In observance of NATO's fortieth birthday of April 4, VANA (Veterans Against Nuclear Arms) called a press conference in Halifax a few days later to suggest guidelines for NATO's future and for Canada's role in shaping that future. Here are some points made by VANA spokesmen Giff Gifford, Ray Creery, and Bob Cooke.
U.S. and British leaders want NATO to continue the arms race by updating short-range nuclear missiles and adding new nuclear weapons to fighter-bombers in Britain. The European elites want these additions stopped or postponed until talks in Vienna have a chance to produce results.
Debate on this and other issues is strong in Europe, but our government tends to exclude Canadians from the debate out of a wish to make NATO seem united at all times.
At NATO's founding, Canada insisted on including in the Treaty Article 2, calling for parties to "contribute towards the further development of peaceful and friendly international relations.-" Canada should now raise its voice again to insist that this clause be given more attention, that NATO's sole preoccupation with militarism is not enough.
Canada should work to persuade NATO to abandon unilateral strengthening of short-range nuclear weapons; to explore elimination of sea-launched cruise missiles on both sides; to have all members accept jurisdiction of the International Court of Justice; to agree with Warsaw Pact countries to use resources released by arms reductions for international verification and monitoring, for international measures to cope with environmental disasters and terrorism, under the United Nations.
Canada should press NATO to work with the Warsaw Pact to arrange their defences to preserve rather than threaten each other's security.
Working notes for the press conference were further developed for publication as a pamphlet, "A Canadian Agenda for NATO." Now available, this should be of value in assessing Canada's participation in the NATO Council's annual meeting in Europe, May 29-30. (VANA address: 1223 Barrington St., Halifax, N.S. B3J 1Y2.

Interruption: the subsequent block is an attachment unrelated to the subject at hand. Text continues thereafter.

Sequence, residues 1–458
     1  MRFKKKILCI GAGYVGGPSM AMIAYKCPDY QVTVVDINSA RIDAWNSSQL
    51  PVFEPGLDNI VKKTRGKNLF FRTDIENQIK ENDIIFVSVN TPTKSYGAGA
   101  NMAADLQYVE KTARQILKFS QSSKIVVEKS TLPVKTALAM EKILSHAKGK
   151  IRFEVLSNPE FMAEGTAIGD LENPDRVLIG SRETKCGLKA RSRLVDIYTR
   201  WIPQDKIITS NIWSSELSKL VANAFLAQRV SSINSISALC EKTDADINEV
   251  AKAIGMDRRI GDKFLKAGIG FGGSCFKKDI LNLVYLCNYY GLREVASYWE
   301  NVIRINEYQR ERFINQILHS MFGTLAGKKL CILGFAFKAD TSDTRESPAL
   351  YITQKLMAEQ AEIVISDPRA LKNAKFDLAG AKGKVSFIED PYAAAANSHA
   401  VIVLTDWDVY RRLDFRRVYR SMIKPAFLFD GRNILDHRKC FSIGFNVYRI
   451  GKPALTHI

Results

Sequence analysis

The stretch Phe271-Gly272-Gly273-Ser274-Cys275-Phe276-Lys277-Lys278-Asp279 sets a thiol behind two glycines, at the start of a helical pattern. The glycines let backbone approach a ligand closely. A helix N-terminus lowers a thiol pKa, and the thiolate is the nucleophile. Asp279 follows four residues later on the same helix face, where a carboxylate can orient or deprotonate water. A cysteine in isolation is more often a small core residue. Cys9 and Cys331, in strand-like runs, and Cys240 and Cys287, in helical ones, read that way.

On Saturday, May 6, Mayors Ron Wallace of Halifax and John Savage of Dartmouth were scheduled to lead a ten-kilometer Walk for Africa through downtown Halifax, by ferry across the narrows of Halifax Harbor, and then round-about through downtown Dartmouth. Purpose: to enlist support and funds in aid of the peoples of under-developed countries in Africa. Sponsoring organizations included OXFAM/ DEVERIC, CUSO, Save the Children, and the Catholic Organization for Development and Peace.
In the post-card blitz on Parliament, Lunenburg County Project Ploughshares didn't do badly for a tiny organization in a conservative, rural riding. It signed up 75 participants in two counties, who sent off some 22,000 cards to swell the two million downpour on the House of Commons in mid-April.
The Ploughshares unit has two projects for spring and summer: to award its fourth annual Peace Bursary of $500 to a high school senior in the county, on the basis of a competitive essay on plans for a peace or development-oriented future; and to float some 4000 candles on the local river on the eve of Hiroshima Day in August. School children are working with Ploughshares to help prepare and decorate the floats.
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Don Craig, Box 1527, Lunenburg, N.S. B0J 2C0. 902/ 634-8619.